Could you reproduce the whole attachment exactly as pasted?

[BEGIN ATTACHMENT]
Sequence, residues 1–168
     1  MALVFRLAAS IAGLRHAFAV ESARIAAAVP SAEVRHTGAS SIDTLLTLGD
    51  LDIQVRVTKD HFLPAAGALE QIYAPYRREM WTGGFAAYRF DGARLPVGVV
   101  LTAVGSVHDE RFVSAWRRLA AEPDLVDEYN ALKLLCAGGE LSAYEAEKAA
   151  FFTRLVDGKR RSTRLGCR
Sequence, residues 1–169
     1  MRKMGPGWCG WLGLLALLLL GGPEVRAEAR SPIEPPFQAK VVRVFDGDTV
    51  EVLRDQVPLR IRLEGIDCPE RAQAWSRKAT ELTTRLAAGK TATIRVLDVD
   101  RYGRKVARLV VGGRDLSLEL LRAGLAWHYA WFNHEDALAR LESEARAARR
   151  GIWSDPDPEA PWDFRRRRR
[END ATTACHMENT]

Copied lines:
Sequence, residues 1–168
     1  MALVFRLAAS IAGLRHAFAV ESARIAAAVP SAEVRHTGAS SIDTLLTLGD
    51  LDIQVRVTKD HFLPAAGALE QIYAPYRREM WTGGFAAYRF DGARLPVGVV
   101  LTAVGSVHDE RFVSAWRRLA AEPDLVDEYN ALKLLCAGGE LSAYEAEKAA
   151  FFTRLVDGKR RSTRLGCR
Sequence, residues 1–169
     1  MRKMGPGWCG WLGLLALLLL GGPEVRAEAR SPIEPPFQAK VVRVFDGDTV
    51  EVLRDQVPLR IRLEGIDCPE RAQAWSRKAT ELTTRLAAGK TATIRVLDVD
   101  RYGRKVARLV VGGRDLSLEL LRAGLAWHYA WFNHEDALAR LESEARAARR
   151  GIWSDPDPEA PWDFRRRRR